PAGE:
Attitudes and Behaviors Survey Results

WE APPRECIATE YOUR PATIENCE DURING WEBSITE RECONSTRUCTION 3-15-14

The 40 Developmental Assets represent the relationships, opportunities, and personal qualities that young people need to avoid risks and to thrive, and research shows a strong, measurable links exist between youth assets, thriving, and risk behaviors.

During the 2009-10 School Year, 2,933 sixth – twelveth grade New Albany Floyd County School students completed the Search Institute’s Profiles of Student Life Attitudes and Behaviors (A&B) Survey.   The survey results provide a snapshot of Floyd County youth, including the assets they possess, their thriving behaviors, and their risk behaviors.

Youth Count is able to compare the results of this recent survey with the results of a 2004 survey.

It is exciting and validating to share that “the needle is moving in the right direction!” 

Click to read the Executive Summary of the report.  For information about the full report, including thriving behaviors, risk-taking behaviors and more, contact Barbara Bridgwater at barbara@youthcount.com or phone 812-923-1160.  Meanwhile see below for some of the 2009 findings.

Key Results
Average number of assets
*    in 2009:  22.1
*    in 2004:  21.1
*    National average number of assets: 18.5

Highest reported assets (listed by asset number):
# 1.    Family Support (family life provides high levels of love and support): 78%
# 40. Positive View of Personal Future (young person is optimistic about his/her personal
future):  78%
    # 15.  Positive Peer influence (young person’s best friends model responsible behavior): 76%
    # 21.  Achievement Motivation (young person is motivated to do well in school): 75% 

Lowest reported assets (listed by asset number):
     # 22.   Creative Activities (young person spends 3 or more hours per week in lessons
or practice in music, theater or other arts): 22%
     # 28.  Reading for Pleasure (young person reads for pleasure 3 or more hours per week): 28%
 # 14.  Adult Role Models (parents and other adults model positive, responsible behavior): 33%
# 32.  Planning & Decision Making (young person know how to plan ahead and make
choices): 34%

Assets specifically related to school
Increased percentages in 6 of 7 assets specifically related to schools
Asset #5 Caring School Climate (school provides a caring, encouraging environment) increased from 38% to 46%

Change in percentages reported for specific assets:
Increased for 24 of 40 assets
Remained the same for 9 of the 40 assets
Decreased for 7 of the 40 assets

Some high and low results of this self-survey by students include:
    78% of youth report a positive view of their personal future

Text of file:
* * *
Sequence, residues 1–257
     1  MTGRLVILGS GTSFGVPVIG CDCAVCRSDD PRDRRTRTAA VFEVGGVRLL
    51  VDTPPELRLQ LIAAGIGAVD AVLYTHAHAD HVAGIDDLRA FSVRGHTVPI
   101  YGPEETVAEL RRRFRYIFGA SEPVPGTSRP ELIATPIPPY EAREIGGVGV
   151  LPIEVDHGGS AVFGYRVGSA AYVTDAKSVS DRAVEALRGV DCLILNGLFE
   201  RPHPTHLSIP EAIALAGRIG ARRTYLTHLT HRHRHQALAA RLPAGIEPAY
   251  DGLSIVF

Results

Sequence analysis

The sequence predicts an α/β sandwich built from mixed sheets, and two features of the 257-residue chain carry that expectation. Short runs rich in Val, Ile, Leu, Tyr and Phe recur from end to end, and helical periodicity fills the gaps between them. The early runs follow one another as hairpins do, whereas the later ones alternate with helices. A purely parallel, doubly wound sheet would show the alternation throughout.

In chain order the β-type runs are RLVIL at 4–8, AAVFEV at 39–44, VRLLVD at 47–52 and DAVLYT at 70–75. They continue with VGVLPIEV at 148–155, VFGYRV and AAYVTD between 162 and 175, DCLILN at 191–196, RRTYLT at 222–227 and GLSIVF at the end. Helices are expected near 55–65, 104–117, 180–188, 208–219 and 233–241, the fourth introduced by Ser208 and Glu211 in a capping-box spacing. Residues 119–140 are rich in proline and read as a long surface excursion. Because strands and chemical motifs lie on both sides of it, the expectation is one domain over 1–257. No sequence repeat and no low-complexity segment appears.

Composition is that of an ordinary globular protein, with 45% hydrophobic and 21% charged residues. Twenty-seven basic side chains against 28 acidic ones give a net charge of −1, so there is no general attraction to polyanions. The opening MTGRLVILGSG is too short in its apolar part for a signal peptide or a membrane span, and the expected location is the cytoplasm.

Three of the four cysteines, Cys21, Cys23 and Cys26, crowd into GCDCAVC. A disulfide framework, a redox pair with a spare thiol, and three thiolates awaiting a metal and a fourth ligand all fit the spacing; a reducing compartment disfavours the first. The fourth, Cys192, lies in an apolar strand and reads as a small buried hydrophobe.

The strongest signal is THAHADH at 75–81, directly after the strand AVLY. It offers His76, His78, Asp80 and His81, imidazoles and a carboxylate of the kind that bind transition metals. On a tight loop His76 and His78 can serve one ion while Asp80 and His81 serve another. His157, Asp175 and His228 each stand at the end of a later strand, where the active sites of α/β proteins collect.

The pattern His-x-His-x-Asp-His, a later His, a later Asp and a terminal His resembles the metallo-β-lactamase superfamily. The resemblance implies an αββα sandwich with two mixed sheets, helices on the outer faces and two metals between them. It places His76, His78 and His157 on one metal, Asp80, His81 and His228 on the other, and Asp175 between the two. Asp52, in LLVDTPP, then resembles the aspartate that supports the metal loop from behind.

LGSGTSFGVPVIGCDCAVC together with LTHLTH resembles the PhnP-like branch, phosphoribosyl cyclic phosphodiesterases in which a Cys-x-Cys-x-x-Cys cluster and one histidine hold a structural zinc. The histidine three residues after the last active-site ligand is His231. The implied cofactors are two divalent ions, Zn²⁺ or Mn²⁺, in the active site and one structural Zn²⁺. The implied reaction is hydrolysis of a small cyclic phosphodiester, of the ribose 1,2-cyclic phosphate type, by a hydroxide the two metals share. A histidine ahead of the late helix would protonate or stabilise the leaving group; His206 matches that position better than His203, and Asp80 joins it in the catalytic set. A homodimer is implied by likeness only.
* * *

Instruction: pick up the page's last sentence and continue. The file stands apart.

78% report their family shows a high level of love and support
76% report best friends model responsible behavior
75% report they are motivated to do well in school

ONLY 28% read for pleasure
ONLY 35% feel the community values them
ONLY 34% know how to plan ahead and make choices
ONLY 33% report parents and other adults model positive, responsible behavior

It is good news that there has been an increase in the average number of assets youth possess and that there are increased percentages for many assets.  Nevertheless, too many youth possess too few assets and report risk behaviors that are unhealthy.   All citizens, in all community sectors, are needed as asset builders in Floyd County.

In assessing the survey, it is important to study and interpret the factors related to the percentages, including but not limited to, any significant differences noted by grade level or by gender.

It is also important to consider the total sample statistics in relationship to the asset levels:
31-40 Assets: Optimal
21-30 Assets: Adequate
11-20 Assets: Vulnerable
0-10 Assets: At risk

All of our young people deserve to possess at least the optimal number of assets (31-40).  Currently only 13% of our youth are at that level.

What will YOU do to build assets?

Advertisements

Leave a Reply

Fill in your details below or click an icon to log in:

WordPress.com Logo

You are commenting using your WordPress.com account. Log Out / Change )

Twitter picture

You are commenting using your Twitter account. Log Out / Change )

Facebook photo

You are commenting using your Facebook account. Log Out / Change )

Google+ photo

You are commenting using your Google+ account. Log Out / Change )

Connecting to %s

Trackback this post  |  Subscribe to the comments via RSS Feed


%d bloggers like this: